Wouldn’t it be wonderful to have a little questionnaire prior to a procedure on what you would like to talk about during the procedure? Small talk is tough with strangers that you don’t know anything about. Medical personnel need to take a class from hairdressers on how to create “small talk”.

    Techs, Nurses and Doctors talking over patients is maddening, same as the cashiers in a store who do not acknowledge that you even exist beyond how much you owe.

    A little bit of customer service goes a long way and it’s the person on the table in front of you who deserves the attention.

    Like

    • Carolyn Thomas May 15, 2014 at 10:06 am #

      Right on, Elizabeth! “Small talk” can be as simple as asking a question as if you’re interested in the other person’s life. “It’s the person on the table in front of you who deserves your attention” = should be embroidered on a pillow by every med student….

      Like

  2. A Hopeful Doc December 3, 2013 at 8:35 pm #

    Really appreciate hearing your thoughts, sorry about your poor experience.

    Like

    • Carolyn Thomas December 3, 2013 at 8:42 pm #

      Thanks for taking the time to comment – pls share this with your fellow med students!

      Like

  3. Shawna RN April 28, 2013 at 10:53 pm #

    Just wanted to let you know that I’ve forwarded this to my colleagues in OB-GYN and will post a printed version on our staff room board at the hospital. A good reality check for all of us. Thanks – love your website!

    Like

    • Carolyn Thomas April 29, 2013 at 9:39 am #

      Thanks so much for helping to spread the word (from a patient’s perspective!)

      Like

  4. Julia September 30, 2009 at 6:01 am #

    There are two great blogs that deal with patient privacy run by Dr Joel Sherman & Dr Maurice Bernstein…
    Google their names and patient privacy and they should appear…they’re both American doctors.
    Thought some of you might be interested.

    Like

  5. Lefteddie September 15, 2009 at 9:09 am #

    Carolyn,

    I’m sorry you had these negative experiences; no one should have to experience these unpleasant things, man or woman from our caregivers. These are the professionals we entrust to protect our privacy and dignity. I’m a man and we experience the same thing when if comes to intimate exposure. I seems only natural that our caregivers would ASK if we would prefer same gender staff when intimate exposure is involved, it just seems like a natural thing to ask, but they don’t, they just assume its all right to put us the patient in this compromising position. I guess it doesn’t bother them because they are the ones standing fully clothed.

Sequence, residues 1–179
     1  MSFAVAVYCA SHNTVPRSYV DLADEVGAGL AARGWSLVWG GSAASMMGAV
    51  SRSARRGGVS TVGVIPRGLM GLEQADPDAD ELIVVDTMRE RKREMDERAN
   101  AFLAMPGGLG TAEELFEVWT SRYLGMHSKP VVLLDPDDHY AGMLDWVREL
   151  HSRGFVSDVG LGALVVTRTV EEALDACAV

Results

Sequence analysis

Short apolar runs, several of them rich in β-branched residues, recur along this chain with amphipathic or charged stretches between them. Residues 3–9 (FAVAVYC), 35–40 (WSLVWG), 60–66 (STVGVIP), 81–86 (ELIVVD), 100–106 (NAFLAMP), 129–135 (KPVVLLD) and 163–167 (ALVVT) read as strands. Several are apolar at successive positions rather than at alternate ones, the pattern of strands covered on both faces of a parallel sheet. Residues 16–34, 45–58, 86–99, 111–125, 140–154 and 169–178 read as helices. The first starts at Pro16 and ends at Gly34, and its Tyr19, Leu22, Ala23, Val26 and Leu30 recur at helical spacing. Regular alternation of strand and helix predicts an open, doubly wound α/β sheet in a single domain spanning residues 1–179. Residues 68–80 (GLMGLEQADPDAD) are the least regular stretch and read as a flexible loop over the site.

They need to empathize more with how the patient feels during these embarrassing and humiliating exams. So, number one should be, ASK your patient if they would prefer a same gender provider to perform the exam, don’t put the patient in the position that they have to be the one to ask. Some will care, some won’t and many will. Out of those that do care, not all will stand up for their rights to privacy for a number of reasons, not wanting to rock the boat, feeling it will affect their care in some way, etc.

    So just because a patient doesn’t object, don’t take that as “it’s ok”. Caregivers, please ASK your patients if they would prefer a same gender caregiver for these embarrassing exams.

    Lefteddie

    Like

  6. Julia September 9, 2009 at 6:54 pm #

    Great list…
    I’d add one more…offer same sex personnel when exposure is required.
    It makes a huge difference.
    I was required to have breast biopsies last year and actually rang ahead of time and said I’d feel more comfortable with female staff.
    I was breezily told they only employ female staff at BreastScreen…when you’re positioning yourself face first on a table and getting off after the biopsies, your breasts swinging to and fro and being handled…I was terribly grateful for my female doctor and nurse.
    It would have made an unpleasant experience FAR, FAR worse with males in the room.
    Not all men and women care, but many of us do…
    Also, ensure the area is private…nothing worse than someone barging in when you’re in a compromised position.
    My husband was having a scrotal ultrasound when the door opened and someone entered with the next patient, “Oh, sorry, didn’t know this room was busy”….
    Absolutely no excuse when people are entrusting you with their dignity and bodily privacy.

    Like

    • Carolyn Thomas September 9, 2009 at 7:54 pm #

      Good grief – you’d think hanging a simple sign on the door saying “Patient procedure in progress: DO NOT ENTER’ would occur to somebody. I still contend that for some hospital staff, they won’t become considerate any time soon – until they too become patients one day.

      I’ve had male health care professionals who were kind and sensitive, and I’ve had females who were rude and obnoxious. It’s sometimes less about the gender of the care provider and more about their personality or lack thereof.

      Thanks, Julia!
      C

      Like